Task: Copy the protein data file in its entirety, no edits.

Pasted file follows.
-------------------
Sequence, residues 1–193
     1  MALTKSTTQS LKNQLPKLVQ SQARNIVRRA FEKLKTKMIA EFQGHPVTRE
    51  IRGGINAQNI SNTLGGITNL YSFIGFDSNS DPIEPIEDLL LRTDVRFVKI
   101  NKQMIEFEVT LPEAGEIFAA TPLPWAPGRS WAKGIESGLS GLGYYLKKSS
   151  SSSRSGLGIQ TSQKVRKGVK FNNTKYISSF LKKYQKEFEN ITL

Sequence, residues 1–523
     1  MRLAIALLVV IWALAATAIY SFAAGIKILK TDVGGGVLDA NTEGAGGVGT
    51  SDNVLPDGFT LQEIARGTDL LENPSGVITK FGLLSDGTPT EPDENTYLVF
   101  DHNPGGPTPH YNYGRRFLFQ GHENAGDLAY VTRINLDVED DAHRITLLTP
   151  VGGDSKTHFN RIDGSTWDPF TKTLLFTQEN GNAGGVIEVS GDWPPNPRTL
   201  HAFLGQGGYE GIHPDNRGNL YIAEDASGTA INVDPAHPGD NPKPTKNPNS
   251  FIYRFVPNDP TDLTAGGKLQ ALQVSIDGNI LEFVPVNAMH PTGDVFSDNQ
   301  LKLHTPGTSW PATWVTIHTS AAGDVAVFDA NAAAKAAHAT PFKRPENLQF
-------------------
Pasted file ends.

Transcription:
Sequence, residues 1–193
     1  MALTKSTTQS LKNQLPKLVQ SQARNIVRRA FEKLKTKMIA EFQGHPVTRE
    51  IRGGINAQNI SNTLGGITNL YSFIGFDSNS DPIEPIEDLL LRTDVRFVKI
   101  NKQMIEFEVT LPEAGEIFAA TPLPWAPGRS WAKGIESGLS GLGYYLKKSS
   151  SSSRSGLGIQ TSQKVRKGVK FNNTKYISSF LKKYQKEFEN ITL

Sequence, residues 1–523
     1  MRLAIALLVV IWALAATAIY SFAAGIKILK TDVGGGVLDA NTEGAGGVGT
    51  SDNVLPDGFT LQEIARGTDL LENPSGVITK FGLLSDGTPT EPDENTYLVF
   101  DHNPGGPTPH YNYGRRFLFQ GHENAGDLAY VTRINLDVED DAHRITLLTP
   151  VGGDSKTHFN RIDGSTWDPF TKTLLFTQEN GNAGGVIEVS GDWPPNPRTL
   201  HAFLGQGGYE GIHPDNRGNL YIAEDASGTA INVDPAHPGD NPKPTKNPNS
   251  FIYRFVPNDP TDLTAGGKLQ ALQVSIDGNI LEFVPVNAMH PTGDVFSDNQ
   301  LKLHTPGTSW PATWVTIHTS AAGDVAVFDA NAAAKAAHAT PFKRPENLQF